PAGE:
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    Great work, nice welding, and great execution. I was thinking of going with an LS and a 4 speed too but I ran into the issue you had as well. I just decided to keep the original plan I had and quit trying to make it more difficult. It seems 5.3's can be found all over for $500-$950. I wanted to go with a 6.0 and those seem to be about double or more than the 5.3.
    Ryan
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  5. #50
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    Thanks 40! I still have a lot to learn about the LS engines. Like you. I wanted something bigger than a 5.3. However, all the folks I've talked with say that the little engines are stronger than you would think (especially with a little tune on the ECM). The big difference seems to be that everybody says they don't make as much torque down low as a 350 SBC, but make up for it with a higher rev range than a typical stock based 350. The stock LS heads have pretty big ports compared to a typical Gen 1 350.

    Everybody recommended gearing them so that you can use the revs. Just about to a man, they said to let'em rev and you'll be surprised. I did wind up with something a little bigger than a 5.3 and I'm hoping I will be surprised. I'll post that part of the story ASAP.

  6. #51
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    After searching for some time I learned that 4.8 and 5.3 truck engines are plentiful and fairly cheap, but I really wanted something bigger. The 6.0 and 6.2 engines are in demand and their price reflects that. The big engines were either high mileage and expensive or low mileage and even more expensive. The early 5.7's that I found were fairly simple and most had cable operated throttles, but all were pretty high mileage and since they came in Camaros and Corvettes, they were pretty expensive too in spite of their mileage.

    Also, many of the really late model engines have displacement on demand (cylinder deactivation) and/or variable valve timing. They also have drive by wire throttle bodies. I didn't want to deal with all those things on my first LS swap.

    I finally located what I thought was a pretty good engine in Arkansas, about 350 miles from my house. It's an almost new 97 5.7 Corvette engine. This was a long block replacement engine that sat for years in a guy's unfinished project before he decided to part it out. He said it had only been test fired. His project was unfinished so I tend to believe him. The engine doesn't appear to have been "cleaned up" and is too clean in hidden areas to have been run much. It came with an aftermarket wiring harness and a reprogrammed computer. I heard it run on video and he had it pulled out of the Jeep and strapped to a pallet when I got there.

  7. #52
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    Now we've all heard about the engine that "came out of my brother's/uncle's/whoever's 'Vette" and was 375 HP, even if it had a 2 barrel carb! I can say that this engine still had the factory paper bar-code tags on it and they did indeed identify it as 97 LS1. After the previous owner told me how the engine was setup when he got it leads me to believe that it really is a Corvette engine. 97 is the first year and they had a few changes made in later years, but this engine was rated at 345 HP at the crank as installed in the Corvette.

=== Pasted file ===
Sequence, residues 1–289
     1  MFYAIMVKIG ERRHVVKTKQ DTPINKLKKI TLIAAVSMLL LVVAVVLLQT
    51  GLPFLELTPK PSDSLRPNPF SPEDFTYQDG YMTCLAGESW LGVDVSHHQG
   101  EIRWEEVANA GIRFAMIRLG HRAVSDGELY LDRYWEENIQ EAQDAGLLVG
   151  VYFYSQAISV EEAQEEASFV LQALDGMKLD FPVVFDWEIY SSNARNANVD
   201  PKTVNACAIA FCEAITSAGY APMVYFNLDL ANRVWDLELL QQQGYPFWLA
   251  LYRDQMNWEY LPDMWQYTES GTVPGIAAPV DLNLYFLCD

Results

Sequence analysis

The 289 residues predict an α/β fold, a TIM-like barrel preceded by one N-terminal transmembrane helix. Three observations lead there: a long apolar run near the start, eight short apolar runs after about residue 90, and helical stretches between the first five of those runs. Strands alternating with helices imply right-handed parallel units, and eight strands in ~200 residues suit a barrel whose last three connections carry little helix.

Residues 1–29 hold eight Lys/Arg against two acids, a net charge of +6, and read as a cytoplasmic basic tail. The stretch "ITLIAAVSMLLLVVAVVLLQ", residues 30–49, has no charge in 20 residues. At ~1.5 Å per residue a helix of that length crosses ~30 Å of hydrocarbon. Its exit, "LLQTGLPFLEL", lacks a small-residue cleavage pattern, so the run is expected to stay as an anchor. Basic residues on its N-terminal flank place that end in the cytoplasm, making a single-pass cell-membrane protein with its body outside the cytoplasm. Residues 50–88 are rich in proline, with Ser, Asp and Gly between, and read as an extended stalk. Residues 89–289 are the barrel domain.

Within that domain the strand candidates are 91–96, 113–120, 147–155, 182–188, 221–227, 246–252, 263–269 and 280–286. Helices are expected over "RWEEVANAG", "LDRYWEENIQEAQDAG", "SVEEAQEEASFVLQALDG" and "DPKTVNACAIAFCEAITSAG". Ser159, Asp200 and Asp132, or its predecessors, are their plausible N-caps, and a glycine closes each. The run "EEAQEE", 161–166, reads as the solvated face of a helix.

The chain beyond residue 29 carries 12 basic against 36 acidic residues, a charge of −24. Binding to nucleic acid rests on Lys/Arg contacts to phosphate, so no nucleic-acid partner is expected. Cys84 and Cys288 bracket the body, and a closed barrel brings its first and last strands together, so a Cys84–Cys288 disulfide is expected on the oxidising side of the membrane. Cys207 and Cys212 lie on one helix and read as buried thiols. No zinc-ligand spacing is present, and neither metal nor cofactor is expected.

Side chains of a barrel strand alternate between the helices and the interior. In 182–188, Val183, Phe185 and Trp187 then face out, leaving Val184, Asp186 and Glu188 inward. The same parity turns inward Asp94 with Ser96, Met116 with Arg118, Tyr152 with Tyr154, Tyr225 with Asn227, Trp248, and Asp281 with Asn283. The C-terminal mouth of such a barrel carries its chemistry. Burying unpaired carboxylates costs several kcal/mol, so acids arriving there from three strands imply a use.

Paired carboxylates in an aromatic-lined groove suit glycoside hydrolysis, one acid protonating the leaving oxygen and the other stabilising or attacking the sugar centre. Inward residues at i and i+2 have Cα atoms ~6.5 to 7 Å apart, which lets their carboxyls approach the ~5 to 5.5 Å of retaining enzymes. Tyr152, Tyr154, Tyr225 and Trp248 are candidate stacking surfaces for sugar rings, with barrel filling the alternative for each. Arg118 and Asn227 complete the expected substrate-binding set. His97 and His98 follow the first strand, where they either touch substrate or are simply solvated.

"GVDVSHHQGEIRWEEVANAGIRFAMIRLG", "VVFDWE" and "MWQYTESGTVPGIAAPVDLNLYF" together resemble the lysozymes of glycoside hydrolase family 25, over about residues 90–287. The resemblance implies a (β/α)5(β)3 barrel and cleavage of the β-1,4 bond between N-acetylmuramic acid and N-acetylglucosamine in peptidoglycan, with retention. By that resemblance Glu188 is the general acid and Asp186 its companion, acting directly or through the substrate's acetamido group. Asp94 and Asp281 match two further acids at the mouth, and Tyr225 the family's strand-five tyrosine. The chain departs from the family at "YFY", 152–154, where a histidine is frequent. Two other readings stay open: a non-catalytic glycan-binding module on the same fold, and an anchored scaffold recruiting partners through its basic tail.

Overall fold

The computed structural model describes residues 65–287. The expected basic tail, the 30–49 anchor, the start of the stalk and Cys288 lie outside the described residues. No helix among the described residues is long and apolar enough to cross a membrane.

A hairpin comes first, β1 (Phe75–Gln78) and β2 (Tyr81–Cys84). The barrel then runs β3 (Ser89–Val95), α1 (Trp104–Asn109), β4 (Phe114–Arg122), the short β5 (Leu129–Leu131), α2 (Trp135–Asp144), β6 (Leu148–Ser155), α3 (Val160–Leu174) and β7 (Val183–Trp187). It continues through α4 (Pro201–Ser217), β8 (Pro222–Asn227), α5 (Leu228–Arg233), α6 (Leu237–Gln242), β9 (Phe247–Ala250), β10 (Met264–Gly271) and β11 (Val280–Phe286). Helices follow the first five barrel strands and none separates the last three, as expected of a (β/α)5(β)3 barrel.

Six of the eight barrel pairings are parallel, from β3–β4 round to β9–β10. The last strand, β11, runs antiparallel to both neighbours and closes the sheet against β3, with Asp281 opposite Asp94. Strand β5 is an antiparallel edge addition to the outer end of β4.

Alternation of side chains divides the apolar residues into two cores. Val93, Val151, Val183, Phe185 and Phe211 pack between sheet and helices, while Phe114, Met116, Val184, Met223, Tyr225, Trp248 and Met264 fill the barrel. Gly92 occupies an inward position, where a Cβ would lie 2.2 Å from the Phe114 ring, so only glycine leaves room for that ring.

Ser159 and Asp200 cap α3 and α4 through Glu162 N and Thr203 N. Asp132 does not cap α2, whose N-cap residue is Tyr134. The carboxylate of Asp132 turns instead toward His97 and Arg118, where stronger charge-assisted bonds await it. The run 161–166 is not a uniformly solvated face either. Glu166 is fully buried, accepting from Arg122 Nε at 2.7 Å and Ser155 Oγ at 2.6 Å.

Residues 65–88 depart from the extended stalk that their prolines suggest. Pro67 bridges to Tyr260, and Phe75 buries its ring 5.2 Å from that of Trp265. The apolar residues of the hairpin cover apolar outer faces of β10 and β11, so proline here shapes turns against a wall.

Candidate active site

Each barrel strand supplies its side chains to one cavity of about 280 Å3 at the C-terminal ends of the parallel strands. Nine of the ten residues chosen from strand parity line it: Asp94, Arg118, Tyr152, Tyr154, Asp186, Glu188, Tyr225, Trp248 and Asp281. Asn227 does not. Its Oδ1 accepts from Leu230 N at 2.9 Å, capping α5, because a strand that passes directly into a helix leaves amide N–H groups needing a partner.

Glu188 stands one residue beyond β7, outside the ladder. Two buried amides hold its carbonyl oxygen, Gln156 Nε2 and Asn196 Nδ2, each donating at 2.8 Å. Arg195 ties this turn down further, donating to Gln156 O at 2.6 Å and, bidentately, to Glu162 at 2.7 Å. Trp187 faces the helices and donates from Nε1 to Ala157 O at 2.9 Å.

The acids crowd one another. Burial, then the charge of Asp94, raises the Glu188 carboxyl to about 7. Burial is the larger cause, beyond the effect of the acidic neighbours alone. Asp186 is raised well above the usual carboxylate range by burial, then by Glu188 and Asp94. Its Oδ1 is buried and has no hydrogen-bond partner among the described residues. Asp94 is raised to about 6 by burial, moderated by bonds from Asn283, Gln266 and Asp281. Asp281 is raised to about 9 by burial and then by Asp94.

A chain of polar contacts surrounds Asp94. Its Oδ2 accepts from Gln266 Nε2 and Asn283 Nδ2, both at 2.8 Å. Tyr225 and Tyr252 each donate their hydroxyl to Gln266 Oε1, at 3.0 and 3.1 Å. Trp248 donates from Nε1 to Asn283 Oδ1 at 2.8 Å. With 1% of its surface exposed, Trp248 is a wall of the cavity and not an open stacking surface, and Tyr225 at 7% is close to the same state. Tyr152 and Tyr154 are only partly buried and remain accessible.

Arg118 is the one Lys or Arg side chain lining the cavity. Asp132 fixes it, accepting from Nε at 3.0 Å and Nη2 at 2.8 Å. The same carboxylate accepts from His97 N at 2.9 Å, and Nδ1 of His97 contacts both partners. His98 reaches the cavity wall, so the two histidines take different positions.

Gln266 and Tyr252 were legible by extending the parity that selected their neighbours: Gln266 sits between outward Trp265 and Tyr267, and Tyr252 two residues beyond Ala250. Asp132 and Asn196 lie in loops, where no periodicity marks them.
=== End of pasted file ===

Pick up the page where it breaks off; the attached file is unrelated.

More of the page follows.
Most folks I've talked to say that with a good exhaust system and a little computer tune, it should make 30-50 more HP without turning a wrench. I know the ECM has a sticker saying that it has an "off road" tune, but that probably just means it had the after CAT O2 sensors and other pollution stuff disabled.

    The previous owner swapped the Corvette's drive by wire throttle body out for a cable operated one and that's OK by me. He also swapped the water pump and harmonic balancer out for Camaro parts because of the special power steering pump he had on it. No problems there either. The shorter Corvette parts would have been nice, though.

    The one thing he did that will have to be changed is that he swapped out the nice "batwing" Corvette oil pan for a truck pan. The truck pan is way too deep for my car. The shallow Corvette pan was heavily baffled to prevent oil starvation in corners. That would have worked out nice. The engine also had a set of Advance Adapters steel motor mounts, a set of "no name" stainless truck headers, a Camaro alternator and a starter.





    These are the previous owners pics. I forgot to take any when I went to pick it up.

  8. #53
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    I paid more for the engine than I wanted to, but if it truly is an "as new" engine, I got a bargain. I can tell more when I pull the oil pan to swap it.

    I would like to think that I had the first Sebring to get an LS engine, but that's not the case. There are at least two others out there somewhere. I found pictures of them on another forum. Unfortunately the threads are more of a "this is my car" type thing instead of build threads. So there is not much info on what they did to get it all to work. Both cars appear to have Corvette engines or at least Corvette engine covers and accessory drives. I think both have automatics. Also, both engines appear to sit very high in the engine bay.